Hey Facebook, is it really just about the passwords?

Like millions of others, I received the request from Facebook yesterday to reset my password in response to the report of a major hack. The prompt was a bit different than expected of a password change. Facebook took me through friends I recently added, posts I had made and things I had recently liked. Private interactions I had had with friends and had not made public. This got me thinking. Please feel free to clarify if I do not have all the facts straight so quickly after the breach but…

Image for post
Image for post

A data breach like no other?

There are multiple fears I have with this specific attack that I am hoping someone can address for me.

  1. Access to other social media accounts: When I was told to change my password, there was a specific prompt to change it to something that had never been used before. So if you have linked your account to Facebook then the breach potentially exposed your other passwords and logins which were connected. The fear of having your accounts hacked is a familiar one. To be honest I have clicked ‘Login using your Facebook profile’ too many times. It is hard to tell what has been connected to Facebook to login. How do we find out what accounts are connected and what passwords to change?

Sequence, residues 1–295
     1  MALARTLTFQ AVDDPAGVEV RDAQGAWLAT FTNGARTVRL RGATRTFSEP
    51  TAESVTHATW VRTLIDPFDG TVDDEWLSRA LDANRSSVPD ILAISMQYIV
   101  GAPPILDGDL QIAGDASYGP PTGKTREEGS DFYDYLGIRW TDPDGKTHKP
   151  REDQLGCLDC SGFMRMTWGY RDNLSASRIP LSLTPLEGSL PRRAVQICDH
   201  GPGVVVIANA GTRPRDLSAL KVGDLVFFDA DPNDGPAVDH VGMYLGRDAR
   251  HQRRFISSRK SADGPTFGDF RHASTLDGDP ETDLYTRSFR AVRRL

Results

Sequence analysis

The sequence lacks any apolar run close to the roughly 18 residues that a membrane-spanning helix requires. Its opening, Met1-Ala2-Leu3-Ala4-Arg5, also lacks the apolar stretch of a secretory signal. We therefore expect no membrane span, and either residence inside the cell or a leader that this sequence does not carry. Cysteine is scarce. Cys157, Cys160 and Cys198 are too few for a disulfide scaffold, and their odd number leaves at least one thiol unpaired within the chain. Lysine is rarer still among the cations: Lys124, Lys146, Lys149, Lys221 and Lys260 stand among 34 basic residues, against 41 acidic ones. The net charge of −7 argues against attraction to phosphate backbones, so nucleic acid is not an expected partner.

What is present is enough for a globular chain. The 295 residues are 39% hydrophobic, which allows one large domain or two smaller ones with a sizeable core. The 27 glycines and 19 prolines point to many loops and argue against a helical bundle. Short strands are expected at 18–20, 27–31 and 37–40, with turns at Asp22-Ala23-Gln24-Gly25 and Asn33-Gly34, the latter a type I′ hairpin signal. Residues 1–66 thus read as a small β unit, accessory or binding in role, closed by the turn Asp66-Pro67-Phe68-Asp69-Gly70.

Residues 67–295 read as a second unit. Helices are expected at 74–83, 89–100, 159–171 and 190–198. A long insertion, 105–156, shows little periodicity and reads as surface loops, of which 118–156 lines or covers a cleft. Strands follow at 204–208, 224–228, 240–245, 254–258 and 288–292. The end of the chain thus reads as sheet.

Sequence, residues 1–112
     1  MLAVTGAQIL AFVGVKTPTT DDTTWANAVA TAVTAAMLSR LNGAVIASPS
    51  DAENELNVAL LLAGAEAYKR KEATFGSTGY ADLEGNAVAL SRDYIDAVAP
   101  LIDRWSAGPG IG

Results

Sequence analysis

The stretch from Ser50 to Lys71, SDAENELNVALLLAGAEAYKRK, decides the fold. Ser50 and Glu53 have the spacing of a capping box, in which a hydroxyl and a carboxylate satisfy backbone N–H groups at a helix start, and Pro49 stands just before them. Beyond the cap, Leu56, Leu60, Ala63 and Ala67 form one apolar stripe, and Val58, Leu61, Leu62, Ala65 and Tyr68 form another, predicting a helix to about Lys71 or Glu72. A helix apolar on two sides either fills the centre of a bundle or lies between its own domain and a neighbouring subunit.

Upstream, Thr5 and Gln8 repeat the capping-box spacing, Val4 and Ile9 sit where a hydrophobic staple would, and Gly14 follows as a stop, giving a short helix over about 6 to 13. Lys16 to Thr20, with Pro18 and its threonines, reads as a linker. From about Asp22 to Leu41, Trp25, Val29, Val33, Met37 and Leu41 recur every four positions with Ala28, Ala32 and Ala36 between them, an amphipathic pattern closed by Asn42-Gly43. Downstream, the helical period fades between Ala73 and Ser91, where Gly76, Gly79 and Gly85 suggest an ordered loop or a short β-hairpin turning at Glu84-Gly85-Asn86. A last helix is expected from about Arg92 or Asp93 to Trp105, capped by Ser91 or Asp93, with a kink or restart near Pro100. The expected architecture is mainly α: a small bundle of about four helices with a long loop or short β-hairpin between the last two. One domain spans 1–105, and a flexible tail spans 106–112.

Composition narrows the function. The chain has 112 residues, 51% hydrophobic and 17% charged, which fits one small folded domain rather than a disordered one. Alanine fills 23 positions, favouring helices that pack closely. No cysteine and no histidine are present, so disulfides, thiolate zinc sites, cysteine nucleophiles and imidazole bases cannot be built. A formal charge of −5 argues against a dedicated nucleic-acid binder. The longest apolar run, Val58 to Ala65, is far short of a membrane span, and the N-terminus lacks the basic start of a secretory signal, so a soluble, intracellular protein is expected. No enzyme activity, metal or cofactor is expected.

2. Access to my bank account. So next step. Since I run a small business and have tried out Facebook ads 1 time, I have a bank account linked to my account. I removed it following these complicated steps. I guess I will keep an eye on any unusual charges to my account that was linked just in case? Should I cancel the card? We have all been down this road before with a breach and it doesn’t seem to phase us too much anymore.